Long live soccer!

A common prejudice about soccer players is that they are not real athletes and earn way too much money for what they actually do. Furthermore it is said that the training is of low quality. While we still competed regularly as age group triathletes many years ago, we often had the same thought: the training of a soccer player doesn’t seem nearly as sophisticated and strenuous as the training of “real” athletes like triathletes, cyclists, swimmers, etc. However, we were wrong with both complaints – about their training and their salary – and we want to explain why.

Compared to endurance sports like running or cycling soccer is a very complex sport. A soccer player needs many different skills all of which have to be developed to a very high level: endurance, speed, agility, technical skills, tactical skills and mental skills amongst others. But it doesn’t stop there. If you zoom into one of those requirements like the technical skills, there are many subcomponents like receiving and passing. This complexity of the requirements of soccer has to be reflected in the training, which makes it much less straightforward than e.g. in cycling or running. As a soccer player you have to practice your skills, become stronger and faster and improve your stamina. These partially conflicting requirements create the impression that training in soccer is somehow chaotic and not well thought out. Although you can always find things which can be improved in a training plan, it’s in the very nature of team sports that training looks less structured compared to individual sports.

Furthermore during the development of a youth soccer player the mental and emotional load is high, because compared to other athletes of the same age category a lot of money is involved. The selection process and the intensity of competition are tough, because soccer is one of the most popular sports in the world and therefore a lot of kids want to become professional soccer players.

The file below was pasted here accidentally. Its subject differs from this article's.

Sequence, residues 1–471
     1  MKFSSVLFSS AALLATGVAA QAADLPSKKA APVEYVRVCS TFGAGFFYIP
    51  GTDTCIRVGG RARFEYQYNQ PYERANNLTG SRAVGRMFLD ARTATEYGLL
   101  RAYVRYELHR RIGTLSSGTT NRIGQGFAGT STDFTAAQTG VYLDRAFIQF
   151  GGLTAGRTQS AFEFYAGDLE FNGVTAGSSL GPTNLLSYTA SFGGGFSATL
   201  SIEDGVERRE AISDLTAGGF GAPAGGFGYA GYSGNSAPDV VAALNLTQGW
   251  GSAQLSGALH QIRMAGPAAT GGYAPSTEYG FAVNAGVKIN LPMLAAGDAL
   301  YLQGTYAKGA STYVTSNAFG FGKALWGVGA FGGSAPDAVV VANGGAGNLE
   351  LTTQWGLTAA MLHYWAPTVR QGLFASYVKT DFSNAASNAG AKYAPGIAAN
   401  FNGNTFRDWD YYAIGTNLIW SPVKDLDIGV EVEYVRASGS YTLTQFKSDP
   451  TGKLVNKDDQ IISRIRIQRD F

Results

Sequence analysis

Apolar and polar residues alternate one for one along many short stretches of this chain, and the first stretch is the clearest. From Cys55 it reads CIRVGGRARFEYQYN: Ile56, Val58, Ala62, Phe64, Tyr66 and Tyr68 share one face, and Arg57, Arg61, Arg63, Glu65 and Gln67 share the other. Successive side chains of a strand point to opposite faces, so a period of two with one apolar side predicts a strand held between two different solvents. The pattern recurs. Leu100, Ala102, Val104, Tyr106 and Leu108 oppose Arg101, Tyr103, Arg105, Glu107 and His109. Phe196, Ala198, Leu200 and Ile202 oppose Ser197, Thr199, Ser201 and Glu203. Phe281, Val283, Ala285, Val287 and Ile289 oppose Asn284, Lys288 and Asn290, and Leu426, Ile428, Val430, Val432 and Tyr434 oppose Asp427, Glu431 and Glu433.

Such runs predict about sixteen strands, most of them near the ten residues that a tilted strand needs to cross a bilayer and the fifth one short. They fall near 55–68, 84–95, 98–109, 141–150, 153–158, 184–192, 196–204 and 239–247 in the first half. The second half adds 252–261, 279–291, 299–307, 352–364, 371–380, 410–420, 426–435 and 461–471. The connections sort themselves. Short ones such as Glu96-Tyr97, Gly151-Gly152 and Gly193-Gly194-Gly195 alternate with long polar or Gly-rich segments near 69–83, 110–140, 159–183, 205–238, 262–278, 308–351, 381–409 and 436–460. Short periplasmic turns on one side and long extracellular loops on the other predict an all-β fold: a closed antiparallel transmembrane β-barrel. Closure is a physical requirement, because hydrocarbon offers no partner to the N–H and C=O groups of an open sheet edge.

Finally the notion of soccer players earning too much money for what they do cannot be justified, once you understand that their salary is the result of the voluntary financial contributions of the people who go to the stadium or watch the game on TV. If a person pays for a soccer match, then to him the pleasure he derives from the match is worth more than the money he has to give away. Thus the more people a soccer player makes happy, the more he earns and deserves. On the other hand for an athlete who claims an amount of money from a government supported federation to support his living, it is not clear if he deserves it in these terms. What you deserve is not determined by how hard you train or what level you have in your sport, but by the number of people who enjoy watching this sport and the amount of money they are willing to pay for this enjoyment.

We encourage everybody to train and live like a professional soccer player for a week and then reconsider any prejudice against training in soccer. Moreover, there are many lessons to be learned from soccer for individual sports and vice versa. This is a very interesting subject which we will explore in future articles.


Ruben Jongkind & Florian Kugler, March 3rd, 2011

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